Tiger reserve to rejuvenate Vaigai

DC | PRAMILA KRISHNAN
Published Aug 24, 2014, 10:56 am IST
Updated Mar 31, 2019, 9:57 am IST
Megamalai will soon have a tiger reserve proposed by Union ministry
Picture used for representational purpose. (Photo: PTI/File)
 Picture used for representational purpose. (Photo: PTI/File)
Megamalai (Theni): The rejuvenation of a river lies in converting a mountain range into a tiger reserve. Is there a sense of disconnect in the idea? Not really, assure forest department officials and environmental experts. The officials and experts explain that the Vaigai river, which originates in Megamalai, the lovely mountain range near Srivilliputhur, will become bountiful if a tiger reserve is declared there as this will prevent denudation of forest cover.
 
Megamalai will soon have a tiger reserve if the Union environment ministry’s proposal goes through. Unchecked encroachments, grazing of cattle, tea plantations and cash crop cultivation in Megamalai are now posing a threat to the Vaigai. Experts point to the revival of the Thamiraparani after the Kalakkad Mundanthurai Tiger Reserve (KMTR) in Papanasam was opened and is a proven strategy that could be replicated to save the Vaigai.
 
Explaining the connection between Megamalai hills and the Vaigai river, environmentalist, Dr C P Rajkumar, said, “The shola grasslands found in Megamalai do the work of collecting rainwater, preserving it and releasing it in a gradual manner. The water flow from grasslands transforms into springs and finally takes the shape of a river.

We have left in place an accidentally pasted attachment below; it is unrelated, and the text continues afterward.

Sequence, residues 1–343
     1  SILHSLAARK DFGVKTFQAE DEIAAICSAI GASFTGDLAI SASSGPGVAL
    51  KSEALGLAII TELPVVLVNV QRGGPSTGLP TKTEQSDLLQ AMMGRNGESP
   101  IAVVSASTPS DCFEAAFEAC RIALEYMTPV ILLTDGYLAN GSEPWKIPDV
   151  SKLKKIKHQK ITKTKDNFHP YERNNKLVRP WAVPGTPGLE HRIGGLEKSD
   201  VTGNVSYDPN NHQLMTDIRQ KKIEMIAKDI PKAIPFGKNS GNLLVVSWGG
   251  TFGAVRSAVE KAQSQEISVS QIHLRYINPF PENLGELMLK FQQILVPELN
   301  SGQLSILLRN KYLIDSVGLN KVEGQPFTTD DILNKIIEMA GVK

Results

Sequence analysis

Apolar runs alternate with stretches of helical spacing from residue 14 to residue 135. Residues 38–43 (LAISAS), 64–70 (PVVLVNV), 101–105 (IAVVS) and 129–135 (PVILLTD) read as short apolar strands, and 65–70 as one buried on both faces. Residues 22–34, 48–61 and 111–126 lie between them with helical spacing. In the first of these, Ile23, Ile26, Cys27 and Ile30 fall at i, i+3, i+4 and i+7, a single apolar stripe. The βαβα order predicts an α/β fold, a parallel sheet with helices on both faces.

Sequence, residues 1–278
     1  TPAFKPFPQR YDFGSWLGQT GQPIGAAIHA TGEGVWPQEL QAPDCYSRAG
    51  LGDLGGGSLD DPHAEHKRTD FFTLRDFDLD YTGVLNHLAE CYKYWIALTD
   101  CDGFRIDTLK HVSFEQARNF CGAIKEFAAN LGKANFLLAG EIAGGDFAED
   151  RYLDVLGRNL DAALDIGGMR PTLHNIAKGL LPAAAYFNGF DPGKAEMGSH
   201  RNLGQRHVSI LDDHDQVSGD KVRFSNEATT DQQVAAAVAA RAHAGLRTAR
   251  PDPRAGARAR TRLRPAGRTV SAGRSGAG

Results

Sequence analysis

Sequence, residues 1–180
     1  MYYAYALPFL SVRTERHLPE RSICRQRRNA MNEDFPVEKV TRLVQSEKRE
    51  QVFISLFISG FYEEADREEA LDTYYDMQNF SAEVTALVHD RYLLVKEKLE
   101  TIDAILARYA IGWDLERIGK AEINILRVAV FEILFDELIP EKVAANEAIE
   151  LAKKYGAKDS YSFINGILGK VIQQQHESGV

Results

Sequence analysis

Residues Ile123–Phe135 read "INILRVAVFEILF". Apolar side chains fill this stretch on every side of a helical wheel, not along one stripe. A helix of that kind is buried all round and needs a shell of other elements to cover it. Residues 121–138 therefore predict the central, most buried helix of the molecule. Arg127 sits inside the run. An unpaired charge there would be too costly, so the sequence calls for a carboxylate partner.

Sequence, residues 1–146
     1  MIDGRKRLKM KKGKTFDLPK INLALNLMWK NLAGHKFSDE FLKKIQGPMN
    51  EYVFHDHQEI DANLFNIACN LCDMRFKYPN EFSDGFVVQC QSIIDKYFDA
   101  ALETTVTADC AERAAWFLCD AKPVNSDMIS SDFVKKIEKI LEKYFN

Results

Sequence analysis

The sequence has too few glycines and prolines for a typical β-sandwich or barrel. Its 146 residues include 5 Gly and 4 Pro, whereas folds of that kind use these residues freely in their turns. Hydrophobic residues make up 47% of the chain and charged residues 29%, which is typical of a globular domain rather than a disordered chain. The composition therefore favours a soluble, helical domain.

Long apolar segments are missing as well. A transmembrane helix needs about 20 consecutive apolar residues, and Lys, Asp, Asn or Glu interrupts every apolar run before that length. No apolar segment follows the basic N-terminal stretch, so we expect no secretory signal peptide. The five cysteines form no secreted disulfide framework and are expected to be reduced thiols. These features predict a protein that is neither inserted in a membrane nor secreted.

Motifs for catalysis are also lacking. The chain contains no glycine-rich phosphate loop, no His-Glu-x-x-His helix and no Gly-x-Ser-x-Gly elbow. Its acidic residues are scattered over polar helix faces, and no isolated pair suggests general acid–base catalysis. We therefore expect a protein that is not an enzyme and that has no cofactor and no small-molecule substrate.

Encroachments in and around Megamalai hills have ruined the forest cover and that resulted in decrease of water flow into the Vaigai. Shola grasslands cannot be recreated once they are depleted.” He said it’s high time encroachments were cleared to improve the forest cover in Megamalai to give life to the Vaigai. “SMTR is a last ditch effort to save the Vaigai, the major source of water for the southern districts,” he told DC.
 
D. Venkatesh, District Forest Officer, Kodaikanal, vouches for the strategy of tiger reserve helping in the revival of a river. “KMTR became operational in 1989. I worked as a deputy director and wild life warden KMTR from 2006 to 2012. I conducted a study in the villages close to KMTR to know the impact of the tiger reserve on the neighbourhood.
 
Several villagers said they have stopped entering the forests and no longer indulge in illegal tree felling. An elderly person recorded that water flow in the Thamiraparani has increased after the launch of KMTR. He recollected that the Thamiraparani, now a perennial, flowed only for eight months during the 1980s. I understood that conservation measures and improved vegetation in KMTR has increased the water flow,” he said.
 
Taking the cue from the villager, Venkatesh collected data on water supply to dams close to KMTR and rainfall in the district. “As per statistics, from 1946 to 1990, the Karayar dam annually received 13,000 cusecs of water. Whereas, from 1990 to till date, the average annual water flow has become 23,000 cusecs. In the case of Manimuthar dam, the average temperature in the neighbourhood used to be 30 degrees Celsius two decades ago. Now there is a dip of 1.5 degrees Celsius. There is a change in the micro climate in these neighbourhoods because of KMTR,” he said.
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Location: Tamil Nadu




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